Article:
Hitting the gym frequently and pushing your body to its limits can sometimes come with the hefty price of muscle strains, aches, bruises and soreness. These nagging injuries become increasingly irksome to gym goers, preventing them from properly being able to train the affected muscle groups.
In some instances, due to the sensitive nature and location of the injury, individuals end up quitting their gyms. This is usually the case when someone sustains an elbow, wrist, or shoulder injury. Practically, most of the exercises done by individuals happen to go through one of the previously mentioned joints. As a result, the individual gets side-lined, taking an unwanted lengthy hiatus from going to the gym. Furthermore, an individual may choose to neglect training the injured area altogether, which will lead to muscular imbalances, mobility issues, and most importantly, slower recovery.
Nagging gym injuries can easily disrupt your fitness rhythm and undermine your ability to emotionally bounce back from injury setbacks. But is there a way to train through these injuries and work around them without losing fitness?
Understanding different types and degrees of injuries:
To help you better understand what went wrong and how you got injured in the first place, it is critical to dissect the movement pattern of the exercise that was the cause of your discomfort and the amount of weight being lifted. Also, an important indicator that can give you an idea about the magnitude of the injury at hand is listening to what your body tells you.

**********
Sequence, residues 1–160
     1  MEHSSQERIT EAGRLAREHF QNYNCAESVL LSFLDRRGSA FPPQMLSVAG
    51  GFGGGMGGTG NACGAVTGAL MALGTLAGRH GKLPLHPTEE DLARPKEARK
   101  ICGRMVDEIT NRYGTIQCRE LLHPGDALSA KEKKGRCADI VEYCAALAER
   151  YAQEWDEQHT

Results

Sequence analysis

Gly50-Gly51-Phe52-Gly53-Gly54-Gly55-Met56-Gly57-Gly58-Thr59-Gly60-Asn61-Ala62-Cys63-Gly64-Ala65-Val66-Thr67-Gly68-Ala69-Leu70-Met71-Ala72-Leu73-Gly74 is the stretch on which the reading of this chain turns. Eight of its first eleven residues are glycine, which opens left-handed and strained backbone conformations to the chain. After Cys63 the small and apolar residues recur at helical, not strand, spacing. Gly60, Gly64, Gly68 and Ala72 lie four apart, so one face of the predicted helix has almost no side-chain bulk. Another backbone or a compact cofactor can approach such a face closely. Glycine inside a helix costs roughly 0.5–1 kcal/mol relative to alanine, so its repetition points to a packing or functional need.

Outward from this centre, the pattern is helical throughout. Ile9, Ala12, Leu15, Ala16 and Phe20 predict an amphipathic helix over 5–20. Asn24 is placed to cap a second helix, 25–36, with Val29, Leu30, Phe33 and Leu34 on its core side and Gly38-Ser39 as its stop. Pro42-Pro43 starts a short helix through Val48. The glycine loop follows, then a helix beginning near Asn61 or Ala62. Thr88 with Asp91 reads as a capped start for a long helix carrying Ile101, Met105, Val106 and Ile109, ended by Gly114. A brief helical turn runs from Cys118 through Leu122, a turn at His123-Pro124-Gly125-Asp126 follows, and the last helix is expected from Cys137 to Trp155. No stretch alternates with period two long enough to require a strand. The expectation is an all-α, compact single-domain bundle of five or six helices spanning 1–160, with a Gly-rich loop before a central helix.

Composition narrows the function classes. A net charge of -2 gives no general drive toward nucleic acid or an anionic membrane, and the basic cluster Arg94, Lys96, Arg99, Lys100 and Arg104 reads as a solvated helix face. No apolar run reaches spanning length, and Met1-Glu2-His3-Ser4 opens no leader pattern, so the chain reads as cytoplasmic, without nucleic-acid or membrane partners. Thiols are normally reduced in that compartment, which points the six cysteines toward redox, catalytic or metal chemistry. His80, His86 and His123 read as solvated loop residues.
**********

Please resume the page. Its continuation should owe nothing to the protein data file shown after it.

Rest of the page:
For example, let’s say you were bench pressing your personal record (PR) weight after a very exhausting chest workout. Earlier that night, you hadn’t slept well and were feeling lethargic. You decided to tough it out. As you push the weight up, your left pectoral muscles give out and you’re lucky that the bar doesn’t fall on you. It’s obvious that you’ve torn one of the muscles. Here, it’s extremely important to differentiate between a nagging injury and a more serious injury. This type of injury happens to be a serious one that typically requires surgical repair, so there is no way around it. Carrying on and not consulting a doctor is not an option in this case. The likelihood of having bruising, swelling and an intense pain in your chest are high. Plus, you’ll definitely be having limited shoulder motion, which will restrict your day to day activities. The effects of sustaining this injury go way beyond the confined walls of the gym.
Technically speaking, what is a sports injury? As stated by the Department of Health in Victoria, Australia: “Sports injuries are commonly caused by overuse, direct impact, or the application of force that is greater than the body part can structurally withstand.”
- Acute injury: Is a type of injury that occurs all of a sudden causing instant localized pain, or disability. Dislocations, sprains, strains and fractures are all examples of acute injuries.